Saturday, 15 December 2012

Book 85 of 2012: The Abbot's Ghost or Maurice Treherne's Temptation, A Christmas Story

At the beginning of November, wanting to get into the spirit of Christmas, I did a little search for free Christmas ebooks for my Kindle. I wasn't expecting to find a huge number of books, but it turns out that there are quite a few. I decided to go ahead and download all the ones I could find and sorted them into alphabetical order by author to read in between my proper book-books.

The first of these was The Abbot's Ghost, or Maurice Treherne's Temptation A Christmas Story which is by Louisa May Alcott. I was quite pleased that this was the first for me to read because I really enjoyed Under the Lilacs when I read it earlier in the year.

It follows a group of characters who come together for the holiday. The character of the title, Maurice, has been injured in an accident while protecting his cousin. He should have been the heir to a fortune but the money instead has been passed to the cousin he saved. His other cousin has been helping to nurse him, and in a slightly Downton Abbey-esque move has sort of fallen in love with him. He's fairly in love with her too, but her mother has convinced her not to go for a crippled man and so the only way he's going to get the girl he loves is if he can learn to walk again.

This book was a lovely little quick read. It's only 66 pages long, so it doesn't take very long to get through. I think I started it first thing in the morning before work and then finished it off in bed that night. I could have quite easily read it in just a couple of hours had work, NaNoWriMo and Open University course work not gotten in the way!

It was a suitably festive book. Exactly what I was looking for. It's set around Victorian times in the run up to Christmas so the focus wasn't entirely on Christmas, but it did get a little mention here and there. In fact, as the story built up, Christmas became more important to the story. To begin with I honestly thought there had been a mistake as it didn't seem very Christmassy at all, but it all worked very well in the end.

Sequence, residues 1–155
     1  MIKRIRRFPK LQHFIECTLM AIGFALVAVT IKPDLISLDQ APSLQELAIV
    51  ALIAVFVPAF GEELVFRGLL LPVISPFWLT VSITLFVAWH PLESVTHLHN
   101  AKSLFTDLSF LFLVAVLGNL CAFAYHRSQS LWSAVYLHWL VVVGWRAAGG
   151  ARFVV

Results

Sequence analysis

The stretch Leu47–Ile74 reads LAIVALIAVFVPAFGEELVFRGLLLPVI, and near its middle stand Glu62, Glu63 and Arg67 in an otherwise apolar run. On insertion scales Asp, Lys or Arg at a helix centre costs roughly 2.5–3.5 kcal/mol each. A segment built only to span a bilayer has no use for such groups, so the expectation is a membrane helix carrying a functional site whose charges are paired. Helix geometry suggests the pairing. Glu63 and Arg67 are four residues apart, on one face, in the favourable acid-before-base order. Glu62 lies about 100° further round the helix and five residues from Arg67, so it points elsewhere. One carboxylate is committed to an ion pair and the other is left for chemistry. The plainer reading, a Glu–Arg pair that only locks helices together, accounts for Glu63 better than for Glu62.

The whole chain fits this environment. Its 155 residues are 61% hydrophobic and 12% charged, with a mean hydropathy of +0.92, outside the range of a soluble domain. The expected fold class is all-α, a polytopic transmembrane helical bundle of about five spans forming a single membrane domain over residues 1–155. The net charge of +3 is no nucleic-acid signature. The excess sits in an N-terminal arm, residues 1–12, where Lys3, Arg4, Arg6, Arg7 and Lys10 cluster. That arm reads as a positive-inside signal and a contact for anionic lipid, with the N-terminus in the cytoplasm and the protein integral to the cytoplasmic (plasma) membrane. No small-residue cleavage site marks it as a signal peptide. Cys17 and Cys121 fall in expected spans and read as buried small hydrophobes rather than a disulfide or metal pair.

To begin with I was a bit confused about who was who and what was going on at the start. The story sort of jumps right into the middle of the action when everyone is gathered for the traditional family get-together, so lots of things are just explained as they go along. As confused as I was at points in the beginning, it certainly kept me reading and everything was revealled as the story continued. By about half way through I knew what was going on and all the confusion had gone away.

Normally I'm not a fan of ghost stories, but the fact that this was written by Louisa May Alcott kind of reassured me that this couldn't be anything too bad. It was a little bit creepy, especially the part of the story where they share ghost stories. For a long time I couldn't understand why the Abbot's Ghost got a mention in the title because it didn't seem to fit into the story at all, then around the middle it becomes a big plot point.

Like Under the Lilacs, there's a bit of a moral story here. I suppose part of that is due to the period that it was written in. Normally I read A Christmas Carol each year and I think that this book fits into a similar sort of category. I think that it might be one I'll have to revisit in the run up to Christmas in the future.

""Pity, with women, is akin to love, and she pities her cousin in the tenderest fashion. No sister could be more devoted, and as Maurice is a handsome, talented fellow, one can easily foresee the end, if, as I said before, no one interferes to disapppoint the poor lad again.""
Location 27

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